“I’ve shoved a toothbrush down my throat too, I know what it’s like”

My response to this was silence. How on earth do you reply to such a blatantly untrue statement? While I agree that regularly making yourself throw up is unhealthy, that on its own does not qualify as an eating disorder. If ed’s were a response to one triggering situation in one’s life, then the disorder would stop when the situation was over.

An eating disorder is a way of coping with, suppressing, expressing struggle, or even a cry for help when no words seem to do the job. It is not a phase, and although people recover, that is different to a disorder just stopping. No eating disorder fixes itself. 

Later on in the same conversation, the person who made the bold statement in the title started talking about a friend who was really ill, and said to me “no, like, she was much worse than you.” May I just point out (again) that ed’s are MENTAL illnesses with physical consequences. Just because she may be lighter than me or have medical complications that I don’t have right at this very moment in time, it doesn’t mean I am any less sick. I just wanted to literally cry and scream and try to articulate just how overwhelming it is to be completely consumed by thoughts about my body, food, exercise and self criticism 24 hours a day.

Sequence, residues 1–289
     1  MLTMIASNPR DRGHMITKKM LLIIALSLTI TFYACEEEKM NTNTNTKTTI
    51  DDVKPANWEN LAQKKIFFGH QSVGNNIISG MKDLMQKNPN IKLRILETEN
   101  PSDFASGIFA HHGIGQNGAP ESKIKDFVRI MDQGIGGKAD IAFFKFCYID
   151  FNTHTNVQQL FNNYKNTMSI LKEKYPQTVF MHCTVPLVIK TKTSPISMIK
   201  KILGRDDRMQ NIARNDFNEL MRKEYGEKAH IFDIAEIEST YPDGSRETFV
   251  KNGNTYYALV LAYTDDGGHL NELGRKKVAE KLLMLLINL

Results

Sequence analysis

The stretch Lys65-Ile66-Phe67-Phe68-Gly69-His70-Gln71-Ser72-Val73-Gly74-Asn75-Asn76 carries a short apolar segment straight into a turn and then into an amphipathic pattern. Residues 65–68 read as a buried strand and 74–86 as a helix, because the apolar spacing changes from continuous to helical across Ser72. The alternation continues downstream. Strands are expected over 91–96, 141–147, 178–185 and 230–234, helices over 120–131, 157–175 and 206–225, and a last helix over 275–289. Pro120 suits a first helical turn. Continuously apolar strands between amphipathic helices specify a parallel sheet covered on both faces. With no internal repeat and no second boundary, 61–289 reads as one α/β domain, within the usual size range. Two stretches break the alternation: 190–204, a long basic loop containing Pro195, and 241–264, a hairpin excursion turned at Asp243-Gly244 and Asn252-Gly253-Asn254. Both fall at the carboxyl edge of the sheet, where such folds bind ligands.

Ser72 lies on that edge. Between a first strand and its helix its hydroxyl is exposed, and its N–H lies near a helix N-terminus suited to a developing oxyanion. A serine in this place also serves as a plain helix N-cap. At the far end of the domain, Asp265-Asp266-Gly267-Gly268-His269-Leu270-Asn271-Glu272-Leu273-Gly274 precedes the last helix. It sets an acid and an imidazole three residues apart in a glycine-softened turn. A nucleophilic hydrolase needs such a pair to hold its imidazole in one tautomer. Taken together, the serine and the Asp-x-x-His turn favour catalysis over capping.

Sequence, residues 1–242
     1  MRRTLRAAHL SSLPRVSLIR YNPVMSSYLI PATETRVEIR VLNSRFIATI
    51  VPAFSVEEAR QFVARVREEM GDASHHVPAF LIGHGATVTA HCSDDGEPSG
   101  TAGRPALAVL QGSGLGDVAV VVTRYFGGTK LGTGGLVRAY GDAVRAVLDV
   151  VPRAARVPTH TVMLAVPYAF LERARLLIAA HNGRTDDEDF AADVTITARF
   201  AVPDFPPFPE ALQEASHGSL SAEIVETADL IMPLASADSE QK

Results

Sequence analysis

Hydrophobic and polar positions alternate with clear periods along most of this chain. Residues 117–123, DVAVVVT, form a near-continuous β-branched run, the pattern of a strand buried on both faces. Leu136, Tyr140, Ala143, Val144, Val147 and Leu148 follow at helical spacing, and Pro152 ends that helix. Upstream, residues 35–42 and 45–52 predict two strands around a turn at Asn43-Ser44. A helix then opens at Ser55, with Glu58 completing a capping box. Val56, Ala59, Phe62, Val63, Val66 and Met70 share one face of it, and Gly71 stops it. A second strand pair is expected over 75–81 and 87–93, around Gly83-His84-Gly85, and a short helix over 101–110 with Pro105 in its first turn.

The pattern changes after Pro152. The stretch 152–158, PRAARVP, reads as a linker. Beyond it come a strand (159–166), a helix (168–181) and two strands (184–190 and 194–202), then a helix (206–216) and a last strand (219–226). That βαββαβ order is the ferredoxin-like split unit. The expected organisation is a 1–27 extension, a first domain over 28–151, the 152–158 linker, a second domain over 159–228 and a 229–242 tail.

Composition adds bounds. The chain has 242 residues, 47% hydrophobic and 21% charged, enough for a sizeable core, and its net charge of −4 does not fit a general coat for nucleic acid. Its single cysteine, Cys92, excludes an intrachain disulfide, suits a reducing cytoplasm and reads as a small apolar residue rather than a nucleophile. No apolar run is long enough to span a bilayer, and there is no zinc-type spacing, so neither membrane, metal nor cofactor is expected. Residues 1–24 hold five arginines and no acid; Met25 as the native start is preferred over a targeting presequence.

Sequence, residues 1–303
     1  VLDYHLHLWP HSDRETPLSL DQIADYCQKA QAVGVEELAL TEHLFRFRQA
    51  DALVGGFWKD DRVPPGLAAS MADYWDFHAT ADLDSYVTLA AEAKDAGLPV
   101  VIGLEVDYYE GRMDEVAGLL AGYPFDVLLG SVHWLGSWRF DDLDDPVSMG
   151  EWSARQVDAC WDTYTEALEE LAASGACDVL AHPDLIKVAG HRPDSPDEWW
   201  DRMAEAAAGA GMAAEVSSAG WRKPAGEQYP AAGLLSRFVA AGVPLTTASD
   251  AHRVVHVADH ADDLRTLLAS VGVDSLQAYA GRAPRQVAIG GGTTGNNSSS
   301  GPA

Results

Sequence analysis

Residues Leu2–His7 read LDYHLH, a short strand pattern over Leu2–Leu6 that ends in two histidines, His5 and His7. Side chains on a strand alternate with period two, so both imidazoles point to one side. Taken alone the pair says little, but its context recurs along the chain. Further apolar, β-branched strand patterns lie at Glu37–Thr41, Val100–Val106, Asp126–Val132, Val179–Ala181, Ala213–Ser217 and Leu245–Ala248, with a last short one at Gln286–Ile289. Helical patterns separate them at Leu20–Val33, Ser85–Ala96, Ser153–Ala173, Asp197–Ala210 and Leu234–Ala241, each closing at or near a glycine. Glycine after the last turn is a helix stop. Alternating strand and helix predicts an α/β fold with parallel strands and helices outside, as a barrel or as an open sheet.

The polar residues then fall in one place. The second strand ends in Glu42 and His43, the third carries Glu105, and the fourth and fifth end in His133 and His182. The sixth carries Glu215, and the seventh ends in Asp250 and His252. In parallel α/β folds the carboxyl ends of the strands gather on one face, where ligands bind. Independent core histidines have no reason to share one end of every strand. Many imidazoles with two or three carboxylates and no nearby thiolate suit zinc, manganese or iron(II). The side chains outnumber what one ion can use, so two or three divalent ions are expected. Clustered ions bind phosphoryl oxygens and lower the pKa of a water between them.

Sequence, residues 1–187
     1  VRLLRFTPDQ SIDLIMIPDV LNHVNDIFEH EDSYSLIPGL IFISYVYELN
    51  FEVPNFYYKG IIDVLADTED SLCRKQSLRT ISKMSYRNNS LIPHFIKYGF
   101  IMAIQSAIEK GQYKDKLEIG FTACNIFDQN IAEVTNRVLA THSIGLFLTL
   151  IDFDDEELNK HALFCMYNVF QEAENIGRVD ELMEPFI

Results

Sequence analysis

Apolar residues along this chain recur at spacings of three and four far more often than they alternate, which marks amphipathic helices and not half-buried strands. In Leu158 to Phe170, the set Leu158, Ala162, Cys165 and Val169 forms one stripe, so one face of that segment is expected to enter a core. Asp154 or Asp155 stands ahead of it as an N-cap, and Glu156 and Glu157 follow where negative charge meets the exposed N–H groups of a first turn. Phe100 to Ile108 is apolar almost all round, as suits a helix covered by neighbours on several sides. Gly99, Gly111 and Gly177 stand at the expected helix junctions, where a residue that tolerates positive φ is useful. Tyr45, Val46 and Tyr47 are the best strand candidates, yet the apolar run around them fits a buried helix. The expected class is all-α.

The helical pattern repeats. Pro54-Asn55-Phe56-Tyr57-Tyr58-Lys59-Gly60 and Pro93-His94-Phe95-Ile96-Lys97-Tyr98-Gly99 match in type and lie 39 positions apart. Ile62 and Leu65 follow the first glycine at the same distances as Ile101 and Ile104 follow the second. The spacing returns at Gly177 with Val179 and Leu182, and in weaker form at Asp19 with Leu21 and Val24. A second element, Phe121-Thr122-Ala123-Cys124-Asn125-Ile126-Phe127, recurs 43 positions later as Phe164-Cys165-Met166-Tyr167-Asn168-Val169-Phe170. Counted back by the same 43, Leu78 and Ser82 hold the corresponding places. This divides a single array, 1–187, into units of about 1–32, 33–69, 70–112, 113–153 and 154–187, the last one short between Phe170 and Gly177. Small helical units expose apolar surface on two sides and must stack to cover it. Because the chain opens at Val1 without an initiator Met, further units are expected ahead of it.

I know I have said what I’m about to say before, but I want to say it again:

Society has bred itself to be exceptionally poised to idealise the thin and judge the fat. Many people do not know where a lean body becomes a medically underweight body. 

At 19 years old, I have grown up a lot in the last few years. I have also spent that time being eating disordered and the more time passes, the more I realise that the last time I had a half decent attitude to food (can’t remember feeling good about my body) was around age 14/15. Even then, I had some hints of being over cautious about how much I ate and did go through many phases of calorie counting. As a result of all that I don’t know what my adult mindset is like without an eating disorder. I’ve never been in that place, and I’m scared of what it’d be like.

I remember reading somewhere that anorexics wanted to stay physically and mentally children, and part of me does want that. It is simpler like that; yet at the same time I love being independent and following my own ambitions…. conflicted, as always.

Advertisements